Joe Deal, reflecting on his landscape photographs of the early 1970s, wrote: “Why contribute, I reasoned, to the growing pile of photographs of an idealized American landscape while it was being chewed up before our eyes by advancing suburban development, interstate highways and shopping malls?” Deal’s sentiments were shared by a new school of Southern California-based photographers, including Lewis Baltz, Henry Wessel and Robert Adams, who felt that landscape photography was languishing in a dreamy, nostalgic style which ignored the reality of a changing world. They sought, as Deal put it, an “unromantic and unfiltered way of looking through the lens.”
This different style of photography—now known as New Topographics after the title of a groundbreaking and highly influential 1975 exhibition at the International Museum of Photography in Rochester, N.Y.—departed from the legacy of idealized landscape photography mastered by Ansel Adams and Edward Weston by unflinchingly depicting the Western landscape as it had become: full of highways, housing developments and anonymous corporate buildings. The fascinating evolution from the sublime, high-contrast style of Adams and Weston to the cool, detached documentary look favored in the 1970s and 1980s is explored in the exhibit Seismic Shift: Lewis Baltz, Joe Deal and California Landscape Photography, 1944-1984, which features work by more than 40 photographers, now on view at the California Museum of Photography at the University of California, Riverside (where Deal and Baltz both taught).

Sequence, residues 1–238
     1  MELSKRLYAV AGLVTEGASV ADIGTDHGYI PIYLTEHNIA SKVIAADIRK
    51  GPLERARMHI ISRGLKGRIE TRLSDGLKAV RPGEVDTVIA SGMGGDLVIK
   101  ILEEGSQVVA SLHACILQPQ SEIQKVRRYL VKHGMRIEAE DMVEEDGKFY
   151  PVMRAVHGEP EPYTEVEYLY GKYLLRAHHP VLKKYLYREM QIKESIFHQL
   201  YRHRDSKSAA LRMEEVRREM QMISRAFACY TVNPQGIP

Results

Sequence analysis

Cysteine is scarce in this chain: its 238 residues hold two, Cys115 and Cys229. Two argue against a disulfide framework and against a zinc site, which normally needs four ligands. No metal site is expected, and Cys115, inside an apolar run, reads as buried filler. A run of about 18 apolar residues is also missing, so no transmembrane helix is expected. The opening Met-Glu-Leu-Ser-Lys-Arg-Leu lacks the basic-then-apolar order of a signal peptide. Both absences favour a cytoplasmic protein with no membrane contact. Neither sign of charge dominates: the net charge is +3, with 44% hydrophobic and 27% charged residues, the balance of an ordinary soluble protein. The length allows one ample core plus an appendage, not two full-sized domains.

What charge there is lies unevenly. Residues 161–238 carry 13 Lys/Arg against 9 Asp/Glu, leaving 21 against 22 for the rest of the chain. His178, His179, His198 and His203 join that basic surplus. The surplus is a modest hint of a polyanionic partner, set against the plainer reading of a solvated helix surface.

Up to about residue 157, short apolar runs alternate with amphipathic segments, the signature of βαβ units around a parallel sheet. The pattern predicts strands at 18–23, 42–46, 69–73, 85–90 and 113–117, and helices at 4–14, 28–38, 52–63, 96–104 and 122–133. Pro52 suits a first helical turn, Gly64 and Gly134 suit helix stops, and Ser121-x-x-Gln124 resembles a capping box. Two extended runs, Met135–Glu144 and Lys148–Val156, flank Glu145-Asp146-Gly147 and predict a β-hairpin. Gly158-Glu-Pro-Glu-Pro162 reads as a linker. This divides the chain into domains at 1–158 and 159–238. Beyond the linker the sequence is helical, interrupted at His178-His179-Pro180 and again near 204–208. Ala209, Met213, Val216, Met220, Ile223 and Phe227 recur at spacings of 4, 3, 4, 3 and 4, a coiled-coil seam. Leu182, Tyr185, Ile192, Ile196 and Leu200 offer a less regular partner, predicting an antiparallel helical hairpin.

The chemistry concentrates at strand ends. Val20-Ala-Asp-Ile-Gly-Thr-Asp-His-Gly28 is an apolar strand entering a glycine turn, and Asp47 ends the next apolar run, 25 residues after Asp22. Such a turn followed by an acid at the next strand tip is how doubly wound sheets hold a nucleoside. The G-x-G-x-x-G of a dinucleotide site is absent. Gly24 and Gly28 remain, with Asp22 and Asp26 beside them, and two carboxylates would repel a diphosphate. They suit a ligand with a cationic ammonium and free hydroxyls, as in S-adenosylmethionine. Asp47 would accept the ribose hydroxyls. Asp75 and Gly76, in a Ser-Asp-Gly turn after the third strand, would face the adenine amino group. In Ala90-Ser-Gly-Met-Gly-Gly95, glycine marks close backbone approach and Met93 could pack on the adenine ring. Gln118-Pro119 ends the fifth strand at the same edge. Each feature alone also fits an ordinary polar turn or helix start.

The early photographs in this exhibit showcase the majesty of unspoiled natural settings, but by the 1950s the influence of abstract art was apparent in formal compositions by Minor White and William Garnett. By the late 1960s many landscape photographers were heavily manipulating their images to convey psychological states and mystic symbolism. As one critic deemed it, this method eventually reached a point of “poetic exhaustion.”
In response, the New Topographic photographers portrayed the intersection of nature and civilization with a flat sobriety. Common subjects included abandoned storefronts, storage facilities and chain link fences, as well as examples of artificial nature, such as a mural of a farm painted on the side of a truck. In Wessel’s deadpan California (1969) a Chevron oil sign hovers over a blank desert of scrub brush, and in Los Angeles (1970), an electrical pole bisects an empty parking lot. Judy Fiskin, Laurie Brown and Leland Rice focused on the impact of tract housing and construction sites, while Grant Rusk shot hills sliced with paths of asphalt and concrete.
A sense of loss is inevitable when all that’s left of nature is a strip of dirt fringing a concrete wall, as portrayed in one of Baltz’s well-known images. Yet as Robert Adams noted, “Unspoiled places sadden us because, in a sense, they are no longer true.” As stark or banal as the New Topographic style was, there is a value and beauty in its truthfulness. Landscape had changed dramatically in the developed West, and photography had to change with it.
Published on Time.com. More images here.